Fairhope, AL & Daphne, AL Mosquito Control – Mosquito Habitats

Fairhope, AL & Daphne, AL Mosquito Control – Mosquito Habitats

Mosquitoes can live in almost any environment, with the exception of extreme cold weather. They favor forests, marshes, tall grasses and weeds, and ground that is wet at least part of the year. Because they must have water in order to thrive, their habitats break down into two basic types:

Permanent water mosquitoes tend to lay their eggs in clumps, called rafts, of 50 to 300 on the surface of standing water at the edges of lakes and ponds and among the vegetation in swamps and marshes. Some species prefer clean water, while Culex pipiens, the northern house mosquito, prefers stagnant or polluted water.

Culex and Anopheles mosquitoes are among the most common permanent water mosquitoes. These mosquitoes are most active when the average temperature is above 70 degrees. Their eggs must stay in water in order to survive and usually will hatch within a couple of days, releasing larvae to begin the development process.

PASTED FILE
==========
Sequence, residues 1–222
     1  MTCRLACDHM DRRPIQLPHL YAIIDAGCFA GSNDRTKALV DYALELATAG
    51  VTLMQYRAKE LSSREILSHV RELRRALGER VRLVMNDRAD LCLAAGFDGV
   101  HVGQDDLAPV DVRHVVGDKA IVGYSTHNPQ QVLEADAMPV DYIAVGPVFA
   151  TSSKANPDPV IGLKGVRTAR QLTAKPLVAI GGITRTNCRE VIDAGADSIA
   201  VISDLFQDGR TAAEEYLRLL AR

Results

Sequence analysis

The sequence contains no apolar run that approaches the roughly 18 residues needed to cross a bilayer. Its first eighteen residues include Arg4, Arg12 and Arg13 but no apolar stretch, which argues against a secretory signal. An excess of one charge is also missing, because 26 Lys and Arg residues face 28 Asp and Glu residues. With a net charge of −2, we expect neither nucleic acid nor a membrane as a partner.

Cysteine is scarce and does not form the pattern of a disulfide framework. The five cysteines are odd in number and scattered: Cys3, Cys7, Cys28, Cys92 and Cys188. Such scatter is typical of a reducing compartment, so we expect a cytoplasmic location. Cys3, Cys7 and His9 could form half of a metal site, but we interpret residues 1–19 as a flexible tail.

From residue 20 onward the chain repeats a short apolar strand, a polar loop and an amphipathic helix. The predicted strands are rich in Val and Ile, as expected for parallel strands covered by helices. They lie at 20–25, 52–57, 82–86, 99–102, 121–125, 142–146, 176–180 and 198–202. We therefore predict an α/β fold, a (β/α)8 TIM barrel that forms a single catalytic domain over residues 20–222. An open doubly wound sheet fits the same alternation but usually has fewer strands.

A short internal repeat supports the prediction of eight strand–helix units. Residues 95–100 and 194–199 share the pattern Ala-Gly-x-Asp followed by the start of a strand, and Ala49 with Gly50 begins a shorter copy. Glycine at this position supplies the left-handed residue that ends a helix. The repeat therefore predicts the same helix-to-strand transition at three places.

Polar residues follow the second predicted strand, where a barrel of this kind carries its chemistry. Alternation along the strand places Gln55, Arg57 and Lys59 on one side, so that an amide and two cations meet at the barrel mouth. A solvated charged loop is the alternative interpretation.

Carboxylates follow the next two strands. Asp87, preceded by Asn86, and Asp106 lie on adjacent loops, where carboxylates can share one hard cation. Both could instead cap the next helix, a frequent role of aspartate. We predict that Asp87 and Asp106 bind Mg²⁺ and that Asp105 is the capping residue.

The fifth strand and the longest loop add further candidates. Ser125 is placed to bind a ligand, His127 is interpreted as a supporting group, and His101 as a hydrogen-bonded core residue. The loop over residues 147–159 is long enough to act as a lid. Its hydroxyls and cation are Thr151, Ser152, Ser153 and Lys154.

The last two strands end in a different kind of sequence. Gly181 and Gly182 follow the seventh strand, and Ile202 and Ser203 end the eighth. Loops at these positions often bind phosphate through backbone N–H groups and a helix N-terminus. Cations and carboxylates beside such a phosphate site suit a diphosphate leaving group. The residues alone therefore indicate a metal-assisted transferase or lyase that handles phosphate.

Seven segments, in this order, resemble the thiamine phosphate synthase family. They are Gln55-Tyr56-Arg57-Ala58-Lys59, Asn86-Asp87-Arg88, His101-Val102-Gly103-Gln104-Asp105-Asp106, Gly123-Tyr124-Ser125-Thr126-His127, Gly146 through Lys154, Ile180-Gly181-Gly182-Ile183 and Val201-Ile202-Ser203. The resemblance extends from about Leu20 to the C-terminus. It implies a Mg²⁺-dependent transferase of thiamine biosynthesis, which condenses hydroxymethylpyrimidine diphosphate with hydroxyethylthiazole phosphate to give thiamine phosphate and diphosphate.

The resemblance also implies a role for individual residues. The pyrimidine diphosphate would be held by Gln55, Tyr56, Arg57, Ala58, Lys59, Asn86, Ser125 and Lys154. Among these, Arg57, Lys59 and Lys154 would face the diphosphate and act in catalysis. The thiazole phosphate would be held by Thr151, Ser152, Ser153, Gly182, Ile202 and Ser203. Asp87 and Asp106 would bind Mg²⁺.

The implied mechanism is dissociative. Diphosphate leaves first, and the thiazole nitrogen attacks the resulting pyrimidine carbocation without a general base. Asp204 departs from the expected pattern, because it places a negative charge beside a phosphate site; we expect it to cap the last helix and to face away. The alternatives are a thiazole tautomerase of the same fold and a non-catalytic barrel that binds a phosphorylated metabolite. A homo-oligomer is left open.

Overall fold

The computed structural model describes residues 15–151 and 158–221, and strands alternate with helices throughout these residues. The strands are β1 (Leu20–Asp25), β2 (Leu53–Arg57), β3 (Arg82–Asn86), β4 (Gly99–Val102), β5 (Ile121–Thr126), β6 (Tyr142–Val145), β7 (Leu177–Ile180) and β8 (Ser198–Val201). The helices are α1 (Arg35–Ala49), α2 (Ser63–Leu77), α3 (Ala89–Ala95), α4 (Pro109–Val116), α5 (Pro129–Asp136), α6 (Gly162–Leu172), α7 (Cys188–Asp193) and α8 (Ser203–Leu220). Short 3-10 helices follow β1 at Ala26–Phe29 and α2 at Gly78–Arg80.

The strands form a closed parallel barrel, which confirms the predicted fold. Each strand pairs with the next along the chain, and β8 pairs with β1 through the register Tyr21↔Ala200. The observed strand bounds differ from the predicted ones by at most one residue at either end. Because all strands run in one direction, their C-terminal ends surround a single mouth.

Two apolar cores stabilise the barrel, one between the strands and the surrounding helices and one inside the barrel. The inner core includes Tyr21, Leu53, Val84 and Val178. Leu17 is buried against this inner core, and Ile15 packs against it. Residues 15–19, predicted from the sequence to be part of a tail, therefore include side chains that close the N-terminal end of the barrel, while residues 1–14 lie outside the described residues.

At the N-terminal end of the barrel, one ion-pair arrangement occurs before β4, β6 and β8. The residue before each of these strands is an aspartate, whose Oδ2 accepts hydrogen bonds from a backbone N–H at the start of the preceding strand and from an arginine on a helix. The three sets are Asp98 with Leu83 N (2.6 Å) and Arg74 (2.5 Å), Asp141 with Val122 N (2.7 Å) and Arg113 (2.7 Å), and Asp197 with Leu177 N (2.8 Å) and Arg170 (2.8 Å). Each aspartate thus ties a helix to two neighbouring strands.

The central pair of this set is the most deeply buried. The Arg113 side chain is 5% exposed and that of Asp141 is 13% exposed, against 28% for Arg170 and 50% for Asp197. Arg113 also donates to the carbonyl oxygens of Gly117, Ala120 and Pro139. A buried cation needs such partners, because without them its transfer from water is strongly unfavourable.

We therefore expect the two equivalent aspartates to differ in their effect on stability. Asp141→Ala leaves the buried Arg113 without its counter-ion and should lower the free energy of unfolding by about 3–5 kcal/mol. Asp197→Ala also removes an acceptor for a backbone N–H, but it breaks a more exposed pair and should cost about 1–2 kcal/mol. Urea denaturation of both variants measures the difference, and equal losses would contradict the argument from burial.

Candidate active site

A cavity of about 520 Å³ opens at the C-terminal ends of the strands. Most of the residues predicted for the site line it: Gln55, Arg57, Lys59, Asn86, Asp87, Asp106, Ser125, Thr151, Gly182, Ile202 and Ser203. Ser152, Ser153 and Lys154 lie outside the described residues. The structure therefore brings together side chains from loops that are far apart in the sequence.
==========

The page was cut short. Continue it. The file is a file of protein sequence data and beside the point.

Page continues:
Many permanent water mosquitoes can also breed in containers that collect and hold water, such as wading pools, buckets or toys left outside.

Floodwater mosquitoes lay their eggs in moist soil. The eggs, as many as one million per acre, will dry out as the ground does, then hatch when rains saturate the ground and water levels begin to rise. Floodwater habitats include:

  • Drainage ditches that fill during storms.
  • Woodland pools created by melting snow, or spring and early summer rains.
  • Floodplains along the banks of streams and rivers.
  • Irrigated pastures and fields.
  • Meadows and other soft ground where depressions form.

Common species include the Aedes vexans, also known as the inland floodwater mosquito. Mosquitoes that breed in floodwater habitats usually become a problem about seven to 10 days after a heavy rain, and subside in about a week or two.

Floodwater mosquitoes also breed in containers. Aedes albopictus, the Asian tiger mosquito, prefers the insides of old tires where dirty water collects, and Aedes triseriatus prefers treeholes that gather rainwater.